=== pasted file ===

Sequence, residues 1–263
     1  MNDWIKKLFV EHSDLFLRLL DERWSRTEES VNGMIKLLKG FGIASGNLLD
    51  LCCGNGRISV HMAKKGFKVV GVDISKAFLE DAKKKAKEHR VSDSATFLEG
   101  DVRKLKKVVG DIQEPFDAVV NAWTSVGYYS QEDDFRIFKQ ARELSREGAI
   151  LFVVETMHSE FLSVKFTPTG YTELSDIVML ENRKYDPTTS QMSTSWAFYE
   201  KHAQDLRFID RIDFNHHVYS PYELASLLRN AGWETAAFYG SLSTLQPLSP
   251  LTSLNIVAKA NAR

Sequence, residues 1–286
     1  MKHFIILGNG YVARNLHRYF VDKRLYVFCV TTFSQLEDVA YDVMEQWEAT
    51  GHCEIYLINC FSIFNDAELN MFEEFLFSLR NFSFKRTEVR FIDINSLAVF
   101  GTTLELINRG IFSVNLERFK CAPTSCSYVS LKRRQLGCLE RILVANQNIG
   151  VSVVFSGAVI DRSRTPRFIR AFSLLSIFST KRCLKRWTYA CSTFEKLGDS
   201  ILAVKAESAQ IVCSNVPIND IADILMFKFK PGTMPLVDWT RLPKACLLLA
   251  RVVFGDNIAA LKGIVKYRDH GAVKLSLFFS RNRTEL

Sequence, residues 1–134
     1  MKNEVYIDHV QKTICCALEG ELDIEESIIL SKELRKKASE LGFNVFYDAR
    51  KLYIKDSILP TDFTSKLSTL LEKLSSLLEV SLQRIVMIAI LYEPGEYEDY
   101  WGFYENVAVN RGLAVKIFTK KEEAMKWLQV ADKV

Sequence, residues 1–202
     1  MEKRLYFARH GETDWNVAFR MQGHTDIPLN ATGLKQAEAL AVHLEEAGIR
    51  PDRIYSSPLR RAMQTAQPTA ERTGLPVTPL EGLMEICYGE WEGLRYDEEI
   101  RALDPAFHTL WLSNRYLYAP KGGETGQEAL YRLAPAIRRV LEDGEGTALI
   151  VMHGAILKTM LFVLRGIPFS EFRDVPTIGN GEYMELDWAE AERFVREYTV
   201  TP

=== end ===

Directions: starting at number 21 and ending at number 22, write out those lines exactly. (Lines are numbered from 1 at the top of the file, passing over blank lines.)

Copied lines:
    51  PDRIYSSPLR RAMQTAQPTA ERTGLPVTPL EGLMEICYGE WEGLRYDEEI
   101  RALDPAFHTL WLSNRYLYAP KGGETGQEAL YRLAPAIRRV LEDGEGTALI